In Ernest Carette’s words, found in one of the book’s opening epigraphs, “si vous cherchez un aliment à l’admiration que vous professez pour la France […] gardez-vous bien de la venir voir dans ses colonies.” Bleak indeed is the picture that this compelling study paints of the demise of the monumental past of Algeria as a by-product of the human, cultural, and economic disaster engendered by the war, during which the French essentially wreaked havoc on ancient monuments. Effros reveals in unequivocal terms the de facto association of archaeological prospection with military efforts, which in turn provided a basis for the ideological justification of French colonial rule over vast swaths of confiscated lands, stripped bare of indigenous presence, cultures, and history—when all the while the French refused to acknowledge any engagement with ancient monuments on the part of the local populations being massacred and displaced. This process, as Effros’s introduction argues, lies at the root of Western civilization’s claims to stand as the legitimate successor of the empires and civilizations of Antiquity. In that sense, Incidental Archaeologists explores a dark nineteenth-century iteration of Europe’s translatio studii et imperii, by which “exploration” led to “expropriation” (5), with little regard for its human cost and the actual long-term fate of Roman vestiges. This study, then, comes at an opportune time when European cultural institutions must reckon with the entangled legacy of their collections with colonial warfare and exploitation. 

The case of Algeria is all the more compelling because the territories conquered by the French remained for the most part under military rule until 1870, which, in practice, left very little recourse for authorities to intervene against the destructions and looting exacted by the army and early settlers. Indeed, the damaging potential of military presence and warfare in North Africa was not lost on learned metropolitan authorities; as Effros shows, the Académie des Inscriptions et Belles-Lettres sensed the urgency of surveying North African remains as early as 1833, but it took another six years before a Commission d’exploration scientifique d’Algérie was allowed to set foot in Algeria. Its members were eventually forced out in 1842 due to safety concerns related to the ongoing violence. In addition, Algerian antiquities lay outside of the prerogatives of the Commission des Monuments historiques, which was part of the Ministry of the Interior, and lacked any agency to intervene in favor of monuments in territories managed by the Ministry of War. This in effect left surveys and excavations in the hands of a few civilian antiquarians such as Adrien Berbrugger, founder of the Bibliothèque et Musée d’Alger in 1835 and appointed Inspector General of historical monuments and archaeological museums in Algeria in 1854 (chapters one, four, and five), or military officers such as Jean-Luc Carbuccia, who appointed himself chief archeologist at Lambaesis when he became positioned there in 1848, and whose role in the fate of the site is detailed in chapter three.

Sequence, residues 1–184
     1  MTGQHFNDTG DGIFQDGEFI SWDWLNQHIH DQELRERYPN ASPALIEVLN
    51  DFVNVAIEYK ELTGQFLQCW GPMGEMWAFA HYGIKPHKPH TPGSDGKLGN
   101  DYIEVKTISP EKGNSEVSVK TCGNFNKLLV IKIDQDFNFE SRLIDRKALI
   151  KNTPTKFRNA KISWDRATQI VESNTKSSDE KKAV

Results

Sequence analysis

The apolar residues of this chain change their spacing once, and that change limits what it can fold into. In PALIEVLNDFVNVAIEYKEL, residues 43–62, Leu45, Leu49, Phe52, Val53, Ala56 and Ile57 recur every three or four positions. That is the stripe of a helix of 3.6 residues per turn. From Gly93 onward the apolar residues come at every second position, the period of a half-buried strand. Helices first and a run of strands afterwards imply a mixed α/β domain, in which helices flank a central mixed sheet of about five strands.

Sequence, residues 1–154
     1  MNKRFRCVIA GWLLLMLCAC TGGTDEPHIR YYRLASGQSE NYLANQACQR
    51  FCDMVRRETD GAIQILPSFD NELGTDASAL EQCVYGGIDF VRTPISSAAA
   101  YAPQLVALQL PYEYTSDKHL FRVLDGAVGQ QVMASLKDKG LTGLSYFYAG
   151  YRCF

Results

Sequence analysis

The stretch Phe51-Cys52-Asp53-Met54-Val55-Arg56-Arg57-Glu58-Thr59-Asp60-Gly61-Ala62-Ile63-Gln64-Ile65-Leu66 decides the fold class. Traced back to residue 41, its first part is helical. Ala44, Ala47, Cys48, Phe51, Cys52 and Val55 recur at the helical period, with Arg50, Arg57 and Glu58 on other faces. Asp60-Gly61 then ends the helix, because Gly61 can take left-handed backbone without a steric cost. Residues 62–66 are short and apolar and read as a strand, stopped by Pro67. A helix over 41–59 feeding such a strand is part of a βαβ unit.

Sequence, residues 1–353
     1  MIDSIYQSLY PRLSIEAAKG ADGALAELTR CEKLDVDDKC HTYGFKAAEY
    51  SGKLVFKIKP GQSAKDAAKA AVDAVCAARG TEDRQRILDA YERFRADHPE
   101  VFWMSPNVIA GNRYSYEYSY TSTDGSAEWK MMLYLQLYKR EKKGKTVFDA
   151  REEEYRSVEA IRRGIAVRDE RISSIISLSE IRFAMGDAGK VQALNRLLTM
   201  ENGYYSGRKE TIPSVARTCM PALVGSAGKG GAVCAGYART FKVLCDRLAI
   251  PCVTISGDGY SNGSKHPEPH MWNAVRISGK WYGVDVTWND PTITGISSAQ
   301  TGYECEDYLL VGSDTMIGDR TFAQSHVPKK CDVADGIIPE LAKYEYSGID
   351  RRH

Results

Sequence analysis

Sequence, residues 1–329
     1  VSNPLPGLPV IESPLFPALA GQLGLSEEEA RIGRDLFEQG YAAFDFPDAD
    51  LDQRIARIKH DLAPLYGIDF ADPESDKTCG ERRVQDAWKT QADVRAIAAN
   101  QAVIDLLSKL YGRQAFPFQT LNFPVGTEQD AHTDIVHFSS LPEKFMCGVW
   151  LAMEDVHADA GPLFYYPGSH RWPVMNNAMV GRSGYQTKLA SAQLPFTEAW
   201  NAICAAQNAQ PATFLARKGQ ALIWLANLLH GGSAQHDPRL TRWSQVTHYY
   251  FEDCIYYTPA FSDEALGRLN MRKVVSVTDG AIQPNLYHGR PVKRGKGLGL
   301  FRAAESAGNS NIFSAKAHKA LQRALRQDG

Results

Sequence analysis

The tragic irony of this archaeological “discovery” of Roman North Africa, as Effros points out, is that more archaeological artifacts and ruins were “destroyed or altered beyond recognition” (25) within the first four decades of the French presence than in the previous 1,500 years; yet, the official discourse pointed at the presupposed ignorance of local populations—which were being violently subjugated and removed from the archaeological sites—as the cause of the degradation or destruction of such vestiges over time. The book thus uncovers the (often cynical) contradictions within the overall colonial logic, and reveals how the French archaeological enterprise became enmeshed with warfare and oppression. In the end, this archaeological exploration appears as a product of the strategic imperatives of the war waged against the peoples of Algeria, serving as a self-asserting enterprise seeking to justify the rightfulness of the French invasion, but barely masking the actual destruction of lives, lands, and monuments throughout the conquered territories. As Effros notes, “[w]ith the benefit of hindsight, it is possible to document the all-encompassing nature of a vicious and unforgiving system that turned ancient monuments into fuel that justified the colonialist experiment” (259)—and which literally helped to build it.